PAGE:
I don’t know Tamar Charney well but I am impressed with her and her work. My previous contact with Tamar happened when I was marketing programs to WUOM. Tamar was always kind when WUOM dropped one of my shows, plus she also told me the reason for the change.
Since January 2016 Tamar has been Managing Editor at NPR One, a new position at the network. Now I consider her to be one of my teachers. I am grateful for her writing and reporting on NPR Digital’s web pages [link].
Here is how Tamar described herself earlier this year in a Public Radio International (PRI) newsletter:
“I’ve been a public radio jack of all trades — DJ, newscaster, arts reporter, talk show producer, and for almost a decade I ran Michigan Radio’s on-air, online, and news strategy and operations. Currently, I'm the managing editor for NPR One, which is a new way to listen to public radio news and podcasts from stations, networks and producers you've never heard of before, but will love!
LISTENING TO TAMAR CHARNEY
One of the things I like about Tamar’s posts about NPR One is that they apply to all phases of mass communication. A good example is her recent post titled Five things your editorial team can learn from NPR One data [link]:
(Note: I’ve edited her comments for clarity and copy space.)
1. How stories start matters...a lot.
Whether it is a news story or a podcast, the content that does well starts strong. It grabs listeners with a big idea or something intriguing that they care about. Don’t start with a guest’s credentials. Make your story “sticky” by making it matter in the first words.
2. Newscasts are an important part of the public radio diet.
Listeners value short roundups of the most important things that are going on in their world and their community. NPR One data shows newscasts (local and national) are the least skipped type of content in NPR One. Listeners also ask for them when they are missing.
That said, data also shows repetition of the same story without significant added depth and context doesn’t do well. Keep newscasts less than five minutes long. There is a steep drop off in listening after that.
3. Listeners want features that help them make sense of things.
Newscasts tell people what is happening in their world, features unpack why those things matter. Local stories that listeners have liked and shared the most are most often ones that help them understand what defines their community.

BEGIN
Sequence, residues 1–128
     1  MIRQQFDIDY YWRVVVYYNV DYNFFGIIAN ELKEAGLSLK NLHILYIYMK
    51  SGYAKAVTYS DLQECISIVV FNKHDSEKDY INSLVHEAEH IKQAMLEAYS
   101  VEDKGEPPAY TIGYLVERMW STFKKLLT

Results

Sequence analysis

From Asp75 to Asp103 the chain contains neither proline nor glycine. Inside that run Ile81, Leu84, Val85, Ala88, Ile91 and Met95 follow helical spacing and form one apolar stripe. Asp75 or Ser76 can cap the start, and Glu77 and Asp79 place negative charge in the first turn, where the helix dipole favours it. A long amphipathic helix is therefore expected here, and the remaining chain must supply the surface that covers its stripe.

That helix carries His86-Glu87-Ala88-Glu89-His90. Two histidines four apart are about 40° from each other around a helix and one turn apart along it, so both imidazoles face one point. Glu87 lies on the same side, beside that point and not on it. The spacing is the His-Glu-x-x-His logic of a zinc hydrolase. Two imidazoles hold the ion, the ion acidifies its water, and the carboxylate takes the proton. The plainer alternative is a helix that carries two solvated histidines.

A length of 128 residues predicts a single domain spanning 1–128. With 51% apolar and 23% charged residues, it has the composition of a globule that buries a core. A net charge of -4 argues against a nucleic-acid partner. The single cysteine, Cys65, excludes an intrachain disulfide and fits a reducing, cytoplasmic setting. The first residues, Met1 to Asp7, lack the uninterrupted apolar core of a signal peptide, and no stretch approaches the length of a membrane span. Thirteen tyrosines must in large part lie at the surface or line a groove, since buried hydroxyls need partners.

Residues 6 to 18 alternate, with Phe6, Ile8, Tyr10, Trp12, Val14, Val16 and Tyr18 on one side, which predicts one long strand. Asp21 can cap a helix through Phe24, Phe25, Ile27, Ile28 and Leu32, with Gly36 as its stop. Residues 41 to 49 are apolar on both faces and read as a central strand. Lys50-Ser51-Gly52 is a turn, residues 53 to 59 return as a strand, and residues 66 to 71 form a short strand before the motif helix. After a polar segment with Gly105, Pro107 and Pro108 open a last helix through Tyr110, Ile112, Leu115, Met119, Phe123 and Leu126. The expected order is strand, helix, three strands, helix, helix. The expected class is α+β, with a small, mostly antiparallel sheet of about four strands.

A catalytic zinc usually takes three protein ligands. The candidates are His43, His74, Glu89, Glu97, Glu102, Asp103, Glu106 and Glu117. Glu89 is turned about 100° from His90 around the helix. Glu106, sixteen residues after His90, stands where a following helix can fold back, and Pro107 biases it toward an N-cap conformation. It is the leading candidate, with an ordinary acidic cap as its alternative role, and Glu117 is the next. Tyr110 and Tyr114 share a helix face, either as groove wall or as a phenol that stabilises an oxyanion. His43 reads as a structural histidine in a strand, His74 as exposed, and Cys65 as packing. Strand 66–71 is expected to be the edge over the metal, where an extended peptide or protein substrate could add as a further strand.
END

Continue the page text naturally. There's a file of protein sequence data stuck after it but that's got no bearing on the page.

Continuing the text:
4. Everybody and their dog has a podcast, but doing one well takes skill.
A successful podcast is one where you are on your A-game every step of the way. The start of your story has to grab ears from the first word. Podcasts have their biggest audience at the beginning and lowest audience at the end. A great podcast uses storytelling techniques to keep as many listeners as possible through the show.
Pro-tip: Never save your best stuff or your most important point for the end of a podcasts, because that is when your audience will be the smallest it will ever be.
5. Lots of data points combined with great editorial judgment is the secret sauce.
When I was programming a station, anytime a big news event caused a listening spike, I’d think about what I could do to keep those new listeners. The data from NPR One provides a good clue about what people respond to and when they listen.
A FEW THINGS ABOUT TAMAR CHARNEY YOU MIGHT NOT KNOW (from various sources in her own words)
|Tamar Charney's #1 Advisor|
Fun fact: I’ve done voiceovers for funeral homes, truck engine repair training modules and even a cartoon hepatitis virus — yes, you read that right.
I grew up in Nashville, Tennessee, before the city was full of hipsters, moved to Michigan for school and I stay here because I fell in love with snow, the Great Lakes, and the stories there are to tell about this area.
I’m one of those people who is perfectly content to sit alone in a restaurant, observing the people around me. It’s no surprise I became a journalist because I enjoying wondering what other people's lives are about.